Presentation on theme: "Pelican: A Building Block for Exascale Cold Data Storage"— Presentation transcript:
1Pelican: A Building Block for Exascale Cold Data Storage Shobana Balakrishnan, Richard Black, Austin Donnelly, Paul England, Adam Glass,Dave Harper, and Sergey Legtchenko, Aaron Ogus, Eric Peterson and Antony RowstronMicrosoft Research
3The ProblemA significant portion of the data in the cloud is rarely accessed and known as cold data.Pelican tries to address the need for cost-effective storage of cold data and serves as a basic building block for exabyte scale storage for cold data.
6Right ProvisioningProvision resources just for the cold data workload:Disks:Archival and SMR instead of commodity drivesPowerCoolingBandwidthServersEnough for data management instead of 1 server/ 40 disksEnough for the required workloadNot to keep all disks spinning
7Advantages Benefits of removing unnecessary resources: High density of storageLow hardware costLow operating cost (capped performance)
9The Pelican RackMechanical, hardware and storage software stack co-designed.Right-provisioned for cold data workload:52U rack with 1152 archival class 3.5” SATA disks.Average size of 4.55 TB to provide a total of 5 PB of storageIt uses 2 servers and no top of the rack switchOnly 8% of the disks are spinning concurrently.Designed to store blobs which are infrequently accessed.Advantages• Total cost of ownership comparable to tape• Lower latency than tapeThe challenges of resource limitations managed in software
10Resource DomainEach domain is only provisioned to supply its resource to a subset of disksEach disk uses resources from a set of resource domainsDomain-conflicting - Disks that are in the same resource domain.Domain-disjoint - Disks that share no common resource domains.Pelican domainsCooling, Power, Vibration Bandwidthdomain disjoint disks can move between disk states independentlywhereas domain conflicting ones cannot do so as it could lead to over commitmentResource Domains to be: the categories of things that are being managed
11Handling Right-Provisioning Constraints over sets of active disks:Hard: power, cooling, failure domainsSoft: bandwidth, vibrationConstraints in Pelican2 active out of 16 per power domain1 active out of 12 per cooling domain1 active out of 2 per vibration domain
12Schematic representation 1266 8U chassiseach has 12 trayseach tray has 16 disks16
13Data LayoutObjective - maximize number of requests that can be concurrently serviced while operating within constraints.Each blob is stored over a set of disks.It is split into a sequence of 128kB fragments. For each “k” fragments, additional “r” fragments are generated.The k+r fragments form a stripeIn Pelican they statically partition disks into groups and disks within a group can be concurrently active. Thus they concentrate all conflicts over a few sets of disks.additional fragments contain redundancy information using Cauchy Reed Solomon erasure codesystematic code to allow the input to be regenerated by simple concatenating these fragments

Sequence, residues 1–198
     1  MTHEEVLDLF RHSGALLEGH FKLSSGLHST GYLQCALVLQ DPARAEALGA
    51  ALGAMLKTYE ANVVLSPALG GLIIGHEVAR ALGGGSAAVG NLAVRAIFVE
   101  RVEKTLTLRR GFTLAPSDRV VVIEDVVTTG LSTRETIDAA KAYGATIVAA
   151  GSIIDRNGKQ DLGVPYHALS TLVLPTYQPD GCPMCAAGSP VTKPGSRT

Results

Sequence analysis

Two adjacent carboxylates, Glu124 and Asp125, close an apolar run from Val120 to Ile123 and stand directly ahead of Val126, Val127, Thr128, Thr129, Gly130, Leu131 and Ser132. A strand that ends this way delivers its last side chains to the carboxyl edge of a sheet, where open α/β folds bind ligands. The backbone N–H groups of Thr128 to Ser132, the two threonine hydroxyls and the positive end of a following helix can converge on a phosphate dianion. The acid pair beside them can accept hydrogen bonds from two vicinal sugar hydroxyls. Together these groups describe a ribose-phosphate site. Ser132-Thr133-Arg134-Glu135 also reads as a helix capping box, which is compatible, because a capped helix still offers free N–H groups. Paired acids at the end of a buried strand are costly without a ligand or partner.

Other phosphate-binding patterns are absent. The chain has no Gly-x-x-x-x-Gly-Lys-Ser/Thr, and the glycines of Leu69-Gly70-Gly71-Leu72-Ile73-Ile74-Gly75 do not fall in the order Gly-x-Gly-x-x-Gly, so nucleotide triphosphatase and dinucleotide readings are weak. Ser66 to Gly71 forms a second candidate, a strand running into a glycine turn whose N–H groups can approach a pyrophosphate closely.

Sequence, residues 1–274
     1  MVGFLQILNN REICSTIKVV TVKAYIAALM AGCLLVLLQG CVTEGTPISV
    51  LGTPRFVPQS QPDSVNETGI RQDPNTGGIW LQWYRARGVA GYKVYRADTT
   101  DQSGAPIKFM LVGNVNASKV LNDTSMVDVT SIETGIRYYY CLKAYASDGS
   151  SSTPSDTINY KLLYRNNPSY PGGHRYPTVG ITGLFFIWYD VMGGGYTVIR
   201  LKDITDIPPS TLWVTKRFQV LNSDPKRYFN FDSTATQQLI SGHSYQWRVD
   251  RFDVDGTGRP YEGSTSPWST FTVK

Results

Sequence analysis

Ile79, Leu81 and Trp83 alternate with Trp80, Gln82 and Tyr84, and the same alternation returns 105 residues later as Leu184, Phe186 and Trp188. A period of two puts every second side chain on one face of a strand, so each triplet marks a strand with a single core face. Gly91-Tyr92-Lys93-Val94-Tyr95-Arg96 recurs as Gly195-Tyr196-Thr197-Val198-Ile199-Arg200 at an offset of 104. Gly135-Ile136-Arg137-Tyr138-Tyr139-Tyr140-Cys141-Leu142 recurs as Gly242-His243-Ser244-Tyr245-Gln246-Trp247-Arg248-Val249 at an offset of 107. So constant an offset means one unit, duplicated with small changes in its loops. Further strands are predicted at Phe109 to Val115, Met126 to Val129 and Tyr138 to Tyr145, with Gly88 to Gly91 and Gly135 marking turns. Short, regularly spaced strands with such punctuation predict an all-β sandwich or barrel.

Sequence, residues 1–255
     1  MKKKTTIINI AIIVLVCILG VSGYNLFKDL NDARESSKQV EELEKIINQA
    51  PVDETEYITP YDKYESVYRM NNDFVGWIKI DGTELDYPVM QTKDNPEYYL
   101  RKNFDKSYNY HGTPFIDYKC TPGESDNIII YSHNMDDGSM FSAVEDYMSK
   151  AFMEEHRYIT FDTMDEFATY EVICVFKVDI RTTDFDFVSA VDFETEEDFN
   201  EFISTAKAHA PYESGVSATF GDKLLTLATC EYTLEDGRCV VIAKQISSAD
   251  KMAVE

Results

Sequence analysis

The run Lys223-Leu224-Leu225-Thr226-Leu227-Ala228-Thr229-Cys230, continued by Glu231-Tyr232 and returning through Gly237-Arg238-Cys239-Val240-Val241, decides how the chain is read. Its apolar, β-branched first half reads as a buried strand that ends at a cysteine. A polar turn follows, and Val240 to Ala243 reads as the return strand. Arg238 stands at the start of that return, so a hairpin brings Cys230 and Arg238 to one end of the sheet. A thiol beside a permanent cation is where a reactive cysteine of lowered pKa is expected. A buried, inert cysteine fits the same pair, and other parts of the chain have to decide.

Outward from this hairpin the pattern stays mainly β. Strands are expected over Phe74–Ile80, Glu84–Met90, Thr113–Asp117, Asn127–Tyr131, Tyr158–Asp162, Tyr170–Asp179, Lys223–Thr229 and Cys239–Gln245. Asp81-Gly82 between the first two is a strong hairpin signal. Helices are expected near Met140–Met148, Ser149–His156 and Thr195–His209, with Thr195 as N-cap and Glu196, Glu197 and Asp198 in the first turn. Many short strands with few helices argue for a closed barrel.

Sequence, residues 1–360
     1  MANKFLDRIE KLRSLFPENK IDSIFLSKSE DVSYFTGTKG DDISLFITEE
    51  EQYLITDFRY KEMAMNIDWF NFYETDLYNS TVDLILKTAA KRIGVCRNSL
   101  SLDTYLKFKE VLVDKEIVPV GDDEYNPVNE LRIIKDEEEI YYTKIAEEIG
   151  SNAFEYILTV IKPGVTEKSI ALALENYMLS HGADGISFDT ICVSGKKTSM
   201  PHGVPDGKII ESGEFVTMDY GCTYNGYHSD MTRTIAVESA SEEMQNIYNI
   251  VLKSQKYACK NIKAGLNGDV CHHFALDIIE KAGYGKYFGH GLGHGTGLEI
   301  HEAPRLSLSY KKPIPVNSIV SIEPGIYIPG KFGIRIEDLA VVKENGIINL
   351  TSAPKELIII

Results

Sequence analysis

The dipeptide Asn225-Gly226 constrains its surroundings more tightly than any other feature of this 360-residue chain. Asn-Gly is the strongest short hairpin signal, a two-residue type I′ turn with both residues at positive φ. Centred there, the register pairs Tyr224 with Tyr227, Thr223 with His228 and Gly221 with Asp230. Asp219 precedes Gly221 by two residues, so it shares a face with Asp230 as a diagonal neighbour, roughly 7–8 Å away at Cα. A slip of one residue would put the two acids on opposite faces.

15Group Property:Either fully conflictingOr fully independentIn Pelican - 48 groups of 24 disks4 classes of 12 fully-conflicting groupsBlob is stored in one group - Blob is stored over 18 disks (15+3)Off-Rack metadata called “catalog” holds information about the blob placement
16AdvantagesGroups encapsulate the constraints and also reduce time to recover from a failed disk.Since blob is within a group, rebuild operation use disks spinning concurrently.Simplifies the IO schedulers task.Probability of conflict is O(n) which is an improvement from random placement O(n2)
17IO SchedulerTraditional disks are optimized to reorder IOs to minimize seek latency.Pelican - reorder requests in order to minimize the impact of spin up latency.Four independent schedulers. Each scheduler services requests for its class and reordering happens at a class level.Each Scheduler uses two queues – one for rebuild operations and one for other operations.Reordering is done to amortize the group spin up latency over the set of operations.Rate limiting is done to manage the interference between rebuild and other operations.
19Group abstraction is exploited to parallelize the boot process. Power Up in Standby is used to ensure disks do not spin without the Pelican storage stack managing the constraints.Group abstraction is exploited to parallelize the boot process.Initialization is done on the group level.If there are no user requests then all 4 groups are concurrently initializedTakes around 3 minutes to initialize the entire rack.Unexpected spin up disks is prevented by adding a special No Access flag to the Windows Server driver stack.The BIOS on the server is modified to ensure it can handle all 72 HBA’s.
20EvaluationComparison against a system organized like Pelican but with full provisioning for power and cooling.The FP uses the same physical internal topology but disks are never spun down.
21Simulator Cross-Validation • Burst workload, varying burst intensitySimulator accurately predicts real system behavior for all metrics.
26Scheduler Performance Rebuild TimeImpact on Client Request
27Cost of Fariness Impact on throughput and latency Impact on reject rate
28Disk LifetimeDisk statistics as a function of the workload
29Pros Cons Reduced Erasure codes for fault tolerance CostPower ConsumptionErasure codes for fault toleranceHardware abstraction simplifies IO schedulers work.Tight constraints – less flexible to changesSensitive to hardware changesNo Justification to some of the configuration decisions made.Not sure if it is an optimal design
30DiscussionThey claim the values they chose to being a sweet spot in the hardware. How is the performance affected by any changes to this??More importantly how do we handle for systems of different configurations and hardware.Automate synthesizing of the Data layout – thoughts?